5. Conclusion

Perpetrators of manipulations are capable of numerous methods of manipulations for the achievement of their personal goals. They are always finding new ways to circumvent regulations and various control systems. External auditors are only a part of the total quality control system of financial reporting in addition to internal audit, government bodies and other forms of control (forensic accounting, forensic auditing and manipulation investigators). The biggest problem of the external audit is the scope of their power in work. Although the detection of manipulation is not their priority when analyzing company’s operations, upon noticing some irregularities, the auditors do not have legal power to further investigate whether there is a manipulation or it is all a result of unintentional error. However, even pointing out the possibility of certain irregularities to the competent authorities (tax, judicial) is a major responsibility for external auditors in the process of detecting and preventing manipulations in company’s operations.

The research revealed that in all four countries, external auditors very often encountered various irregularities when analyzing financial statements, prepared by companies. Analyses indicated that the auditors of the Republic of Serbia more often encountered groundless overstatement of revenues compared with other countries, while regarding manipulative representation of inventories, although there is no significant difference between the Republic of Serbia and the Republic of Bosnia and Herzegovina, the largest mean value and median are still among the auditors of the Republic of Serbia. On the other hand, concerning groundless overstatement of revenues, the largest deviations exist between the mean values of the responses of the auditors of the Republic of Serbia and the Republic of Macedonia. Statistically significant differences regarding groundless overstatement of expenses exist between the responses of the auditors of the Republic of Croatia on the one hand, and the auditors of the Republic of Macedonia and Bosnia and Herzegovina on the other. Also, the analysis indicated that the group of auditors with less than ten years’ experience in auditing mostly responded that they encountered misrepresentation of inventories item, unlike the auditors who have 20 or more years’ experience in auditing.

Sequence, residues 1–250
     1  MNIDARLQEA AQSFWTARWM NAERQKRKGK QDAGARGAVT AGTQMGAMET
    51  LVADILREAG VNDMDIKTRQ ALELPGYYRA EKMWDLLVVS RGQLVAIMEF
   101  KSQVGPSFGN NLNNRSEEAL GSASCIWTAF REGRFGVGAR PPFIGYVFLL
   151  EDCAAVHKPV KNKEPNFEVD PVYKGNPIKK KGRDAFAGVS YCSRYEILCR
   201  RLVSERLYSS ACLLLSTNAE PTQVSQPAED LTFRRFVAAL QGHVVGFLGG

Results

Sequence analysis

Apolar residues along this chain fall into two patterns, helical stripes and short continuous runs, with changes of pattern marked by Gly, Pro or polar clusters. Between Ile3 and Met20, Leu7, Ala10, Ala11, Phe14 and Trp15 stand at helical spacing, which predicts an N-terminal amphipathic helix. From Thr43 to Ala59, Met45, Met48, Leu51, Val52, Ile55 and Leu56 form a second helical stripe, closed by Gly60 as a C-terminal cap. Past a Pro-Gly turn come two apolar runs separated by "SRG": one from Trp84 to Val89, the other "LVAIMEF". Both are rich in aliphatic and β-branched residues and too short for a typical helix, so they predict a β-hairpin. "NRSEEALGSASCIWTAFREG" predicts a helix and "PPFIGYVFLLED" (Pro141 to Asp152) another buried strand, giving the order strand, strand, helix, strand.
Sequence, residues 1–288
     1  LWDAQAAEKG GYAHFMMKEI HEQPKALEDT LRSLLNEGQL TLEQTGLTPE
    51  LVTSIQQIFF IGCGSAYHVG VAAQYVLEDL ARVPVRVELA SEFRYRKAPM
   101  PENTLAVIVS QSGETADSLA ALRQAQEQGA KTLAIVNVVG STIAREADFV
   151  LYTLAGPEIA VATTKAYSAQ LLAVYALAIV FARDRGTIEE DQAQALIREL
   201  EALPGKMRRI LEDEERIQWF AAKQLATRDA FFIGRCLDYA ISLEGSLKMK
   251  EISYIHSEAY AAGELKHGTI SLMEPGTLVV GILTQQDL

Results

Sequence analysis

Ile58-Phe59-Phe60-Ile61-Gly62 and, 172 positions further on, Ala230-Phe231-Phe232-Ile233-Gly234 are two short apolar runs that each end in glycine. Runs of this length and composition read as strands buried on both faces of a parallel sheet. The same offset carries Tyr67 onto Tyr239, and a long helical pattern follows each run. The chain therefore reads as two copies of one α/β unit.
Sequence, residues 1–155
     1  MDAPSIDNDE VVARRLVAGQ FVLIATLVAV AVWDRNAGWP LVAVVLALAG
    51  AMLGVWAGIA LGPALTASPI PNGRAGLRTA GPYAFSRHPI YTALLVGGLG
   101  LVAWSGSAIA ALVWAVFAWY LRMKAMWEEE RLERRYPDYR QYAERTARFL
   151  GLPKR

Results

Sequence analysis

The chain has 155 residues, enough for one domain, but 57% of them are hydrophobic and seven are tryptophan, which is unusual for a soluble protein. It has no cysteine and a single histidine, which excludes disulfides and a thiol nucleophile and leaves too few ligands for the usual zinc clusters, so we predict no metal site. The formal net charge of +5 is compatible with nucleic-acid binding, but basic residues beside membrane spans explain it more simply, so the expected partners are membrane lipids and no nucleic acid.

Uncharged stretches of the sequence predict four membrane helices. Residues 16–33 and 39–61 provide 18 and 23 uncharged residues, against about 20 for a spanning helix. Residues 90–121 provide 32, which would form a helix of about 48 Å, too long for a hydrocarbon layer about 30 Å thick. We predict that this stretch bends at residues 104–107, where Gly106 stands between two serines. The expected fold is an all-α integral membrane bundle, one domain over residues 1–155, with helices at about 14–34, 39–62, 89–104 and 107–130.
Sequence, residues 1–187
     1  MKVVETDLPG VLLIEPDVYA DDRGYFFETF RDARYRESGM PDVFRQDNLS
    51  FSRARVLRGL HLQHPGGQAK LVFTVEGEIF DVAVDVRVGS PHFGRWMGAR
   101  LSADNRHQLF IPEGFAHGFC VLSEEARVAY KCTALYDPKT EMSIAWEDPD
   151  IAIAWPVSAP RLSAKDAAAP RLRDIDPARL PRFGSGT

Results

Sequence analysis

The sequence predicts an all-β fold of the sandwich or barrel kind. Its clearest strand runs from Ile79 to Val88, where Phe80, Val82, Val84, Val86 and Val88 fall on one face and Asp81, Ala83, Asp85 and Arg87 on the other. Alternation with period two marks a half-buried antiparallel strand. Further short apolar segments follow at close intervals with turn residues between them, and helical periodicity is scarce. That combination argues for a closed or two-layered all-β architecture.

Based on the research results, it can be concluded that, in the future, it is necessary to expand the legal obligation and power of external auditors when, in financial statement auditing, they come to clear findings that indicate manipulation. Expansion of external auditors’ powers would reduce their current limitations and expand the domain of action. The authors’ future research would be directed toward comparative analysis of the effects of changes made after extending the domain of external audit. The contribution of this paper is to show that all of these countries have similar problems in this area, that in the work of external audit there are similar situations that require better legal solutions, with which the external audit and other forms of control will have more authority in detecting manipulations in the company’s business.

Figures

Percentage share of irregularities by all financial statement items

Figure 1.

Percentage share of irregularities by all financial statement items

Frequency of certain tests in detecting irregularities

Figure 2.

Frequency of certain tests in detecting irregularities

Structure of respondents by the country of origin

Country No. of respondents % of the respondents
Republic of Serbia 32 62.75
Republic of Croatia 13 25.49
Republic of Bosnia and Herzegovina 4 7.84
Republic of Macedonia 2 3.92
Total 51 100

Source: Authors

Structure of respondents according to the frequency of irregularities encountered in the auditing process

No. of respondents (%) Cumulative (%)
1 – very rarely 1 1.96 1.96
2 – rarely 1 1.96 3.92
3 – sometimes 14 27.45 31.37
4 – often 24 47.06 78.43
5 – very often 11 21.57 100

Source: Authors

Structure of respondents according to the evaluation of whether the irregularities they encountered in the auditing process are materially or fundamentally significant

Materially significant irregularities Fundamentally significant irregularities
No. of respondents (%) No. of respondents (%)
1 – very rarely 1 1.96 5 9.80
2 – rarely 4 7.84 10 19.61
3 – sometimes 27 52.94 27 52.94
4 – often 14 27.45 5 9.80
5 – very often 5 9.80 4 7.84
Arithmetic mean 3.35 2.86

Source: Authors

Structure of respondents according to the evaluation of manipulative representation of revenue and expense items

Manipulative representation of revenue Manipulative representation of expense
Overstatement Understatements Overstatement Understatements
No. of respondents (%) No. of respondents (%) No. of respondents (%) No. of respondents (%)